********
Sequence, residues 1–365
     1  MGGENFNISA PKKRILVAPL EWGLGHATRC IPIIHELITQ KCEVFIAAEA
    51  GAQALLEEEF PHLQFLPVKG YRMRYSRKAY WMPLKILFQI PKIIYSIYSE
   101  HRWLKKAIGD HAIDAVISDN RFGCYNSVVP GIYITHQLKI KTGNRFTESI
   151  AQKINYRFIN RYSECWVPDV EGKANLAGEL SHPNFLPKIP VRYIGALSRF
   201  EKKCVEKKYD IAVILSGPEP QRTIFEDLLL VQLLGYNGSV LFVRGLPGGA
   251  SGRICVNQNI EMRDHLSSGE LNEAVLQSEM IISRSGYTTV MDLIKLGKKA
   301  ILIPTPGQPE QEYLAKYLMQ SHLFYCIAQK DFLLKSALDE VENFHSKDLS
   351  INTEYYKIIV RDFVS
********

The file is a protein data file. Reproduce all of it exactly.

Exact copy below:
Sequence, residues 1–365
     1  MGGENFNISA PKKRILVAPL EWGLGHATRC IPIIHELITQ KCEVFIAAEA
    51  GAQALLEEEF PHLQFLPVKG YRMRYSRKAY WMPLKILFQI PKIIYSIYSE
   101  HRWLKKAIGD HAIDAVISDN RFGCYNSVVP GIYITHQLKI KTGNRFTESI
   151  AQKINYRFIN RYSECWVPDV EGKANLAGEL SHPNFLPKIP VRYIGALSRF
   201  EKKCVEKKYD IAVILSGPEP QRTIFEDLLL VQLLGYNGSV LFVRGLPGGA
   251  SGRICVNQNI EMRDHLSSGE LNEAVLQSEM IISRSGYTTV MDLIKLGKKA
   301  ILIPTPGQPE QEYLAKYLMQ SHLFYCIAQK DFLLKSALDE VENFHSKDLS
   351  INTEYYKIIV RDFVS